I love being part of a team, when I was growing up I tried to join as many as possible – my school teams and also club teams. Being on a team helped me grow in many different ways; it taught me how to communicate, cooperate, be persistent, and also taught me how to win and how to lose. Practices were spent running drills and trying to improve our technique and we applied what we learned during games. My coaches were there to guide us and help us grow but also provide feedback and support. Organizations who treat employees like team members instead of just employees see greater employee satisfaction.
Businessdictionary.com defines coaching as Extending traditional training methods to include focus on (1) an individual’s needs and accomplishments, (2) close observation, and (3) impartial and non-judgmental feedback on performance.
The key difference between sports coaches and workplace coaches is that workplace coaches collaborate and build on the employee’s skills while a sports coach is usually an expert and will develop a certain skill in a precise way. In the workplace coaches are able to take a softer approach and develop a plan that is unique for the employee – they consider their work environment, the company’s values, the employee’s current position and their career track, monitor their progress and provide feedback.
There are many benefits of workplace coaching – I will list four that I believe have the most impact:
1. Increase Retention – Coaching is an investment into an employee and will make the employee feel valued in their role. When an employee feels validated and supported they develop a closer relationship with their managers, or supervisors and with the company as a whole – which reduces the chances of a great employee leaving because they are unhappy.
2. Build Skills – Employees who are coached are able to strengthen and develop new skills. People want to do a good job – no one comes to work each day wanting to fail. Coaching allows employees to build their skills and improve their day to day performance.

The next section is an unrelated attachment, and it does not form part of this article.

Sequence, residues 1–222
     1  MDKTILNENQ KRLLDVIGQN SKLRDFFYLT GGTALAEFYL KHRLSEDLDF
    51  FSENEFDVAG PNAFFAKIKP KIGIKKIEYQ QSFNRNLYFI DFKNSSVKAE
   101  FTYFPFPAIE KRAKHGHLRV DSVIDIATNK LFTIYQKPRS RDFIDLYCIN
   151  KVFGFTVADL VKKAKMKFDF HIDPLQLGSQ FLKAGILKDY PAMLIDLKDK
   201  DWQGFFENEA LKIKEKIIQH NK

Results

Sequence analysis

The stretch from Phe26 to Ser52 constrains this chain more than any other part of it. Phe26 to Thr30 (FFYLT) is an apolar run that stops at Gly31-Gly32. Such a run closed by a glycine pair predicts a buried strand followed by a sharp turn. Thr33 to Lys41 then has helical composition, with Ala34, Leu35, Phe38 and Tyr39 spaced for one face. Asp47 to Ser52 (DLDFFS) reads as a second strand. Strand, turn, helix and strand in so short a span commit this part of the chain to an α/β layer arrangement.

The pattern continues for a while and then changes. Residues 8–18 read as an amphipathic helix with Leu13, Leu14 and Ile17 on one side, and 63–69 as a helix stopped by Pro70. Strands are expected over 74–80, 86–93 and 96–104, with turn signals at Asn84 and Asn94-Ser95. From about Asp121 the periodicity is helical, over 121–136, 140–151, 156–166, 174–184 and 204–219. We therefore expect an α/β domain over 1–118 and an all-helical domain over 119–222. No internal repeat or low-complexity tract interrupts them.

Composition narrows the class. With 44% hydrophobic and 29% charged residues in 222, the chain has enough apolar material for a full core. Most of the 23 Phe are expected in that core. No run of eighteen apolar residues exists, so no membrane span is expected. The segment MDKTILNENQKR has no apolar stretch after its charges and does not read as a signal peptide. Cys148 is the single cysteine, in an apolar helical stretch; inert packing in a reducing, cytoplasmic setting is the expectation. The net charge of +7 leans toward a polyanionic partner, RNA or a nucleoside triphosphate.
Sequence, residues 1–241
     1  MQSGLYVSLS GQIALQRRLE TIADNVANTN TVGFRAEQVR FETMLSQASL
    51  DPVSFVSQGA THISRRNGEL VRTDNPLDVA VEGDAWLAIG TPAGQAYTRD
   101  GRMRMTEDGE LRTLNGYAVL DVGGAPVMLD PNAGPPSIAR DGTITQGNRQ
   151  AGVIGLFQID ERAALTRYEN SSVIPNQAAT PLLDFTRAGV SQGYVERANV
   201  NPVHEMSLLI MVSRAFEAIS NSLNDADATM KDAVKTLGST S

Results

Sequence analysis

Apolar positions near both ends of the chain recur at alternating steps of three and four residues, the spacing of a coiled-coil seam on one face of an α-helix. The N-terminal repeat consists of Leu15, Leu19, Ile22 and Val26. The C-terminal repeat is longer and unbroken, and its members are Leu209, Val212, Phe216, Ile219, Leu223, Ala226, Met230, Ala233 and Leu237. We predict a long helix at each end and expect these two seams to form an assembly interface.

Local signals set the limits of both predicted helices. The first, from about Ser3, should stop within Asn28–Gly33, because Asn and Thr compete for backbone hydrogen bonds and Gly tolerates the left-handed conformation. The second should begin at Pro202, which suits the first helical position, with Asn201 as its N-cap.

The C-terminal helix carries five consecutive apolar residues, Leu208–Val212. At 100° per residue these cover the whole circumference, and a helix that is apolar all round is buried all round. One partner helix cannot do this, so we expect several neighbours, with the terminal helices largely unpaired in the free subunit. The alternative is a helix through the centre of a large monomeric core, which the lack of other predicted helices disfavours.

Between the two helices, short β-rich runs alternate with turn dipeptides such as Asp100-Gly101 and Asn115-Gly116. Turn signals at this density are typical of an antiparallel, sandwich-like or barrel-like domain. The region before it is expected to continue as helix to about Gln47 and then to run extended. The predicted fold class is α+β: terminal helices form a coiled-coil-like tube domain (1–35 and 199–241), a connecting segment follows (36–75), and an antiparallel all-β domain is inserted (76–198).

3. Increase Productivity – Coaching an employee requires goals to be set, setting SMART goals allow the employee to measure the results to their goals. SMART goals are defined as:
Setting SMART goals ensures that the employee is always working towards improvement – which will help them remain productive or achieve productivity sooner than if no goals were set.
4. Feedback – receiving and providing feedback is a very important skill for all employees. Coaching sessions allow for the coach to provide both positive and negative feedback to the coachee. Objective feedback will identify areas of excellence or areas that need improvement. Through coaching the coach and the coachee can identify a solution and set direction for the employee.
Playing sports and being a part of team-based activities has allowed me to fully appreciate workplace coaching. Having a coach in the workplace allows me to realize my full potential while always developing new skills and attaining new goals – coaching allows the organization to build a team. We’ve all heard the old saying “You’re only as strong as your weakest link” – coaching helps the entire organization improve their skills and performance instead of relying on a few key employees to “carry the team”. With this in mind workplace coaching is a great investment not only for the company’s bottom line but for all employees.
Renée Lewis, Account Manager